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Chapter 2. First Steps > Deciding Ownership Stakes - Pg. 14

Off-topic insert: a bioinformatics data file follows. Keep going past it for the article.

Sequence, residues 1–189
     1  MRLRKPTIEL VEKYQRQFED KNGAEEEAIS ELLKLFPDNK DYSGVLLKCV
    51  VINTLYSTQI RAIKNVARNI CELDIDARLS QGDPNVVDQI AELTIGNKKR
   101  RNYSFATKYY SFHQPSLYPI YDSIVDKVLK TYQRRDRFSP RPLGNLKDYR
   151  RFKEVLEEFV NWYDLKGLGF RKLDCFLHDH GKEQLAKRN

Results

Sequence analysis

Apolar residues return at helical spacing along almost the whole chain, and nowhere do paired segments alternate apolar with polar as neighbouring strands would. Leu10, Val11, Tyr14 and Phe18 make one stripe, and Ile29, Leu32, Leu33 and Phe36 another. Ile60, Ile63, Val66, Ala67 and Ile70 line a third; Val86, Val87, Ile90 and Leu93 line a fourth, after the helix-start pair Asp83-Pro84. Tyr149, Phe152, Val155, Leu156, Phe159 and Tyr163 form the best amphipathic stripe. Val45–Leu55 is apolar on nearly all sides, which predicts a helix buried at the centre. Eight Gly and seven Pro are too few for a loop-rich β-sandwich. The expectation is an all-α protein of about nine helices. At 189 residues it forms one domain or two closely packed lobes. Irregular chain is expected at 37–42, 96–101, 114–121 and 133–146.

First Steps 14 Issue the Ownership Stakes Once you have decided how the company will be owned and controlled, and know which entity makes the most sense for the business, the ownership stakes must be distributed to the founders, and the rules of owning those stakes must be established in an agreement. These rules are primarily occupied with the purchase and sale of ownership, addressing issues such as what happens when a founder becomes disabled, or wants to sell his stake to an outsider. You will get an overview of the legal issues and concerns surrounding each, and can see a sample restricted stock purchase agreement at the end of the chapter. The author would like to thank Jim Eberz of Meiselman, Denlea, Packman, and Eberz P.C. ( for his assistance with preparing this chapter. Deciding Ownership Stakes The three core questions in allocating ownership among a group of founders are · Who deserves what? · When should they get it? · Who has ultimate decision-making authority? Who Deserves What? Now is a good time to understand how each of your co-founders understands his individual role and contribution, as well as how he sees the contributions of others. To focus the discussion during negotiations, ask each party to answer the following questions: · What will each founder contribute up front? A respected name in the industry? Cash? Fund- raising experience and contacts? Property, real or intellectual? Other rights (such as an exclu- sive license to a property or a development contract)? · What will each founder contribute in the near future? More cash? Real or intellectual property (say, the development of an engine)? Sweat equity? Experience? A network? (These contribu- tions are always "discounted" slightly to reflect the bird in hand/two in the bush principle of future returns). · How should you value each of those contributions in light of the company's individual needs? In valuing the contributions, a useful index is to consider the opportunity cost of each donor. If a founder is donating cash, what return could he expect from other forms of investment? For someone donating experience, what is that experience worth on the job market? For one do- nating intellectual property, what would a license for that IP bring? · If you plan to share ownership with employees, or have yet to hire key personnel who will require some stake in the company, what share of the company needs to be set aside for future em- ployees? (Generally 10 to 20 percent--an experienced CEO alone will require 5 to 10 percent.) · Do you plan to raise capital in the future? How much, when, and in roughly how many rounds? Many, if not most, game developers fund their operations with retained earnings. However, some elect to fund expansion plans (development of new IP, breaking into new businesses) with out- side investment. Note NOTE Some developers elect to isolate new ventures, and even every game,with a separate business entity. Example: A development company,Devco, wants to develop an original IP called NewGame , but needs toraise $300,000 to fund a prototype. Rather than selling a piece ofDevco and all of its assets to investors in the NewGame property,Devco creates